A motor is a generic term for a motor that converts electrical energy (electricity) into mechanical energy (motion), and a servomotor refers to a motor with excellent controllability. “Excellent controllability” refers specifically to the ability to faithfully follow commands from the host controller. This is achieved by characteristics such as high starting torque, high responsiveness, and high speed stability.

Servomotors can be classified according to the driving method and direction of motion as shown in the table below.

Servomotors come in various sizes, and the required force (torque) is determined by how fast you move a heavy object, and you need to choose a motor that can produce that torque. Yaskawa offers motors with optimal shapes and capacities to meet customer needs.

Rotary servomotor

The basis of rotary servomotor is a rotary motor, which converts electrical energy into rotational motion, as its name stands for. The configuration of a rotary motor is divided into a rotor section, which rotates greatly, and a stator section, which supports the rotating section. It is common to use a mechanism such as a coupling, ball screw, cam, or pulley with a control object that is under a load to be moved. Yaskawa offers a wide range of products, from 3.3 W ultra-compact models with low inertia and small capacity that can be held in the palm of the hand to 55 kW models with medium inertia and large torque.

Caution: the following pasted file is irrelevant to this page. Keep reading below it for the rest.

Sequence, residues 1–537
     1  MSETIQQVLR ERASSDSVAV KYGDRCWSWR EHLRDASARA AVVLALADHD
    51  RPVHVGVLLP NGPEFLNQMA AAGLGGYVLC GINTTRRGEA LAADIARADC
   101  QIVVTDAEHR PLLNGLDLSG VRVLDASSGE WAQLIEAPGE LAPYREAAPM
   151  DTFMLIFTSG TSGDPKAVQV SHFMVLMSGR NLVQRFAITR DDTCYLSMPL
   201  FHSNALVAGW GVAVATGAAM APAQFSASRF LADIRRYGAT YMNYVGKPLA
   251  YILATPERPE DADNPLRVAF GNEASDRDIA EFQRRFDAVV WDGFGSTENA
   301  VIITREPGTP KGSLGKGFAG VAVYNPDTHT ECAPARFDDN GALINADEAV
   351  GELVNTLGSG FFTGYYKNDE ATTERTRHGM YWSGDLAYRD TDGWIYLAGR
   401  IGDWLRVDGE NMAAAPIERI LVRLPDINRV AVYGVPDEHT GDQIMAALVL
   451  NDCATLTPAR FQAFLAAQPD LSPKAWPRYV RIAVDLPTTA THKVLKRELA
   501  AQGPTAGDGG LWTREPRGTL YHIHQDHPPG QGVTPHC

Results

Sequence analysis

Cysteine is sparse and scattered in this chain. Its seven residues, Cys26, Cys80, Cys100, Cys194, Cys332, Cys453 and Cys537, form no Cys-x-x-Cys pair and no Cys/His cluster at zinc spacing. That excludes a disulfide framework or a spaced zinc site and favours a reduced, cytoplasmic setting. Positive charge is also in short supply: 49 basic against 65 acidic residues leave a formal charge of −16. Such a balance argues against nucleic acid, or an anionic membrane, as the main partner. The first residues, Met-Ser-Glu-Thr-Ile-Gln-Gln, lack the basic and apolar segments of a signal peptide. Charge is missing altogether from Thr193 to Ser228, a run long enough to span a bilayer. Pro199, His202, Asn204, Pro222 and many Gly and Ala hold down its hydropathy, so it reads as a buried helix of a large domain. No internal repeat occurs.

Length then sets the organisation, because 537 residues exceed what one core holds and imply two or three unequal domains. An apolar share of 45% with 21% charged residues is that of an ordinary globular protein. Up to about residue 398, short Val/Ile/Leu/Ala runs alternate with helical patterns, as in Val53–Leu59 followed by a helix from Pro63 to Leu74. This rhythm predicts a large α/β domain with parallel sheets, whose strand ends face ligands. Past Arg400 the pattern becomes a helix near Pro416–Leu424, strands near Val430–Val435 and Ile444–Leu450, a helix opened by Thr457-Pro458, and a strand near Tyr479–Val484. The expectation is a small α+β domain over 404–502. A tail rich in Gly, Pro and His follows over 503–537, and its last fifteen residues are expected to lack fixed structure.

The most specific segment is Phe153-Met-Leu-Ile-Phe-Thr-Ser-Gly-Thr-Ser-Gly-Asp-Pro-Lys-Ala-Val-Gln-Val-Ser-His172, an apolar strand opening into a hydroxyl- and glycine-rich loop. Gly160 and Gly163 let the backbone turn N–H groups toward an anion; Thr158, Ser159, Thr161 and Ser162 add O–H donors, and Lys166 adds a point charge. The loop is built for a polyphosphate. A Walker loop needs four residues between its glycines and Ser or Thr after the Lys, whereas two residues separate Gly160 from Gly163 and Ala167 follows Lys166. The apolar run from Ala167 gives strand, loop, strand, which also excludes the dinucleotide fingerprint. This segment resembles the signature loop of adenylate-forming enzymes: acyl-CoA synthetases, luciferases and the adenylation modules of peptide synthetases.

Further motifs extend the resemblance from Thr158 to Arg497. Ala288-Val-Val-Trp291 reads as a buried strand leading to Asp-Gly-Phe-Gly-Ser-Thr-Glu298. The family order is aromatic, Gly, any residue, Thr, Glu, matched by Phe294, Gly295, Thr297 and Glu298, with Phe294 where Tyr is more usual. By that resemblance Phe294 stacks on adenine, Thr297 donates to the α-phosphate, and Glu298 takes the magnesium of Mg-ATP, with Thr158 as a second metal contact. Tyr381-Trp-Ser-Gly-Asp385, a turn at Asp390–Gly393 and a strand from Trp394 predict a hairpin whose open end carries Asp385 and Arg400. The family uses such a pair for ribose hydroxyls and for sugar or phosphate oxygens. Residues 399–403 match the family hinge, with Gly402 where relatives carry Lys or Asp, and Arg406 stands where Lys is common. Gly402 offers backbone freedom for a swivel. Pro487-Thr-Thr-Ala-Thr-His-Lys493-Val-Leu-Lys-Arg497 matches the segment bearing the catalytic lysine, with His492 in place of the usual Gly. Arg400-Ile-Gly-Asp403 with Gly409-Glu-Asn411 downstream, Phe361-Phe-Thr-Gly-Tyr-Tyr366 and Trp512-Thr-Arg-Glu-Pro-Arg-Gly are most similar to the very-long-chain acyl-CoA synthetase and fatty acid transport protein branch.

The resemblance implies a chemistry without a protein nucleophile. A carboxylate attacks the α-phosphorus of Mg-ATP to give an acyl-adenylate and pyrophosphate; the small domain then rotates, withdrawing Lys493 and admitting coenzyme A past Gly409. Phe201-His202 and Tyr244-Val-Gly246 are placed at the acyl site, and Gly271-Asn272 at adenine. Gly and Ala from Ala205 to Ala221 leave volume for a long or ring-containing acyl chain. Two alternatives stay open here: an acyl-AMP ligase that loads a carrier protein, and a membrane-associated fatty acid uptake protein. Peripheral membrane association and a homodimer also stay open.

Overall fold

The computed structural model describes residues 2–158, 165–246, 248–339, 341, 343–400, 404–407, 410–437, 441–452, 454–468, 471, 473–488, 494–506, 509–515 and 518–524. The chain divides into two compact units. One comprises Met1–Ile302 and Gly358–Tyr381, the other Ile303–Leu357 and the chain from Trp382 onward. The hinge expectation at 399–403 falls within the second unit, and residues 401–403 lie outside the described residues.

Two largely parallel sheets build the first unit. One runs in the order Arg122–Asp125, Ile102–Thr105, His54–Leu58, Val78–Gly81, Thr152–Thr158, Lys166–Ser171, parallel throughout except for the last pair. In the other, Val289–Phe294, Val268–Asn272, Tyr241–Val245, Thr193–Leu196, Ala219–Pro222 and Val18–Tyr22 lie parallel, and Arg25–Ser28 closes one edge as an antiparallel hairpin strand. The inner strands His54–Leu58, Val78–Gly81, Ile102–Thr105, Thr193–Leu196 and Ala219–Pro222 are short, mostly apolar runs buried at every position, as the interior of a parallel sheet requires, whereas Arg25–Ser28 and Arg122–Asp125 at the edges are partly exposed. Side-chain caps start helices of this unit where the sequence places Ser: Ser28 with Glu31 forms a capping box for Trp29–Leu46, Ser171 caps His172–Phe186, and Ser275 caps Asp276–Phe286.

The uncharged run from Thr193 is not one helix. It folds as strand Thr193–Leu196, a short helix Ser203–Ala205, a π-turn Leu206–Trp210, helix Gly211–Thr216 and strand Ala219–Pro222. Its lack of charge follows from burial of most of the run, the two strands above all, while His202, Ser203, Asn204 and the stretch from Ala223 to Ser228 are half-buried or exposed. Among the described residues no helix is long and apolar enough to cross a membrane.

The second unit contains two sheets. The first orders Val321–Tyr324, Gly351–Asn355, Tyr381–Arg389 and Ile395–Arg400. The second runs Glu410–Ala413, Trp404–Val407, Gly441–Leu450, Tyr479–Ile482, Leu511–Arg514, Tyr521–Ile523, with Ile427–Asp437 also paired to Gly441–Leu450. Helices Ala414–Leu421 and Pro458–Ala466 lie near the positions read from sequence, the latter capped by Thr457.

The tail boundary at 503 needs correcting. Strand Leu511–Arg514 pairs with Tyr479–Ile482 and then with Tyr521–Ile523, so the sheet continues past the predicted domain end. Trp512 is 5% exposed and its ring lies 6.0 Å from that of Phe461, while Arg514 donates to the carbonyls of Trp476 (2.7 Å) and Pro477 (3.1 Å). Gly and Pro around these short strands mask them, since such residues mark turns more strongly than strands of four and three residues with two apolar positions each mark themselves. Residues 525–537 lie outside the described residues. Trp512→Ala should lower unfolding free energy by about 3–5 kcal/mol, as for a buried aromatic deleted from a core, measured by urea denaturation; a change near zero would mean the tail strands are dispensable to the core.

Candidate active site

Rotary servomotor

How the Rotary AC servo motor Works

Servomotors are said to be indispensable for factory automation because of their high accuracy of motion control. The structure of the AC servo motor has a three-phase winding on the stator, a permanent magnet on the rotor, and a detector to read the angle of the rotor on the opposite side of the shaft load. This detector plays an important role in AC servo motor. In order to drive the synchronous motor AC servo motor normally, it is necessary to know exactly the magnetic poles made by the permanent magnets in the rotor. The detector reads the magnetic pole information and passes it to the control side of the amplifier. In this way, an accurate current can be applied to the three-phase winding and torque can be generated according to the command.

Direct drive motor

Direct drive motors are one of the rotary motors, but in order to drive the control target directly, the maximum rotational speed is lower than that of rotary motors (several 100 rpm), but on the other hand, they can output high torque even at low speeds. As a result, there is no backlash or loss of mechanical parts, enabling high-precision control.

Direct drive motor

Linear motor/Linear slider

A linear motor also drives the controlled object directly, but it moves in a straight line rather than in a rotary motion (similar to a linear motor vehicle). Linear motors are also divided into moving parts and stationary parts. The moving parts are called movers, and the stationary parts are called stators. The linear motor combined with a linear scale (detector) and a guide supporting the drive is called a linear slider.

Linear motor/Linear slider